From the archives!
Here is my interview with the Coen Brothers, for their award-winning film Fargo, first published in April 1996.
Set in Minneapolis, ‘Fargo’ forges true-life crime into a hilarious and dark tale of kidnapping and murder. With this, their latest film, the Coen Brothers seem to be returning to true absurd form, as seen in their excellent first feature, the dark and comic ‘Blood Simple’. There are a few similarities in plot, but enough new material and original twists to justify lauding ‘Fargo’ as their funniest film since ‘Raising Arizona’.
A cash-desperate and boneheaded car salesman Jerry Lundergaard (William H. Macy) hires professional goons Carl (Steve Buscemi) and Gaear (Peter Stormare) to stage the kidnapping of his wife so he can fleece her stingy millionaire father for the ransom. Seeing that most of the characters are bumbling idiots, it’s no surprise that, naturally, the plot goes murderously awry and small-town police chief Marge Gunderson (Frances MacDormand) steadily begins to unravel Jerry’s scheme. The Coen’s based their sixth feature loosely on a true story from the surrounding country where they grew up. Although the humour may not register with Australian audiences as readily, those who are familiar with the Midwestern traits might think the film full of mean satire. The film endlessly mocks the mannerisms of the people of Minnesota and North Dakota, particularly their funny accents, their taciturn ways and their solid, lumbering stupidity.
Joel Coen’s wife and a fixture in many of their films is Frances MacDormand. She gives a stand-out performance as the cheerful, friendly and thorough police chief in heavy snow boots staggering under the burden of a close-to-term pregnancy. On inspecting the first crime scene, her partner thinks she’s made an additional find under the car but she’s only suffering from morning sickness.
Another Coen favourite, Steve Buscemi, is perfect as one of the inept hoods, frequently described by the locals as ‘funny-looking – more than most people.’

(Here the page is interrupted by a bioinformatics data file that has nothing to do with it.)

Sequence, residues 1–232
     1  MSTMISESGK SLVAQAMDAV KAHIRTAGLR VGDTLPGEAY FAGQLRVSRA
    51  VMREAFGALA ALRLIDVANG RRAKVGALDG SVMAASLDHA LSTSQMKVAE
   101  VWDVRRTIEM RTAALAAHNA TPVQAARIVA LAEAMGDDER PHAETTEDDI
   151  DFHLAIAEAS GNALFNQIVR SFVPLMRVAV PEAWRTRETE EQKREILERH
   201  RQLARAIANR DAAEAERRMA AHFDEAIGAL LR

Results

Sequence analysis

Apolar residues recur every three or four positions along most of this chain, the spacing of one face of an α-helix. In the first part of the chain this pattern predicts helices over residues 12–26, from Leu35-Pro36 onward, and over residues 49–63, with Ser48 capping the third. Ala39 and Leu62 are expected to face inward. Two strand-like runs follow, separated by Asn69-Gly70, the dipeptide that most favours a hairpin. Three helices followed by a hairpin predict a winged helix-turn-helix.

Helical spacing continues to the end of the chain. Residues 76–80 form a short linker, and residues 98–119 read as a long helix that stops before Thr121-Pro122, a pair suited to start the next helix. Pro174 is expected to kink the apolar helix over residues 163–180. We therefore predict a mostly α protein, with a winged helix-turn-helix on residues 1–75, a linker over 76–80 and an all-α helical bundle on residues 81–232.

The Coen’s filmography zigzags over a range of genres, the only linking device being the spin that they put on everything they do. After collaborating with Sam Raimi on ‘Evil Dead II’, they made their debut in 1984 with the offbeat noir thriller ‘Blood Simple’. This was followed by the screwball kidnapping comedy ‘Raising Arizona’ in 1987 and the sophisticated gangster film ‘Millers Crossing’ three years later. The following year the Coens scooped the pool at Cannes, gaining the prestigious Palme d’Or, Best Director and Best Actor awards from the International jury with ‘Barton Fink’. The critical success of ‘Barton Fink’ permitted the brothers to proceed with ‘Hudsucker Proxy’, an ambitious screenplay penned shortly after ‘Blood Simple’ but deemed too expensive to shoot for several years.
The simplicity of ‘Fargo’ represents the opposite extreme to the excesses of ‘Hudsucker Proxy’. Of the impetus to make ‘Fargo’, Joel says, “We were interested primarily because the real events took place in Minnesota, which is where we grew up.”
Ethan – “Our real background is that we grew up in an essentially mid western suburban american culture. It’s very middle american where we come from. It’s wheat and farming and flour mills.”
So escape is a priority when you come of age?
Laughter from both, “Yes yes yes – it’s true.”
Joel – “Escape is also a priority because its very cold, its, like, 30 degrees below zero most of the year.
“But the idea of making a movie there and around that area was very appealing to us. And we seem to like kidnapping stories.” Ethan adds, “But also, looking at it later, it seems the kind of story that is calculated to appeal to us. It’s certainly one of those stories where someone has a plan and it all begins to go horribly wrong and that’s something we’ve done before. The story of ‘Blood Simple’ unfolds in a pretty similar way.”
Do you think the first function of a movie is to offer an escape from reality?
Joel – “Well for us more than for some people. There are all sorts of different kinds of movies. For us part of the fun of it is, say in ‘Hudsucker Proxy’, being able to create that world from the ground up, being able to make everything up and not have to refer to a contemporary reality. But that can change for us as well, according to what we’re working on. ‘Fargo’ is a contemporary story that has much more of an almost documentary or cinéma vérité feel to it.
When I interviewed the Coens in 1994 about ‘Hudsucker Proxy’, they talked about what they were writing at the time. A contemporary film, set in Minnesota and based on a real event. “And it will probably be a real failure,” they said, self-deprecatingly. It may well be quite the opposite.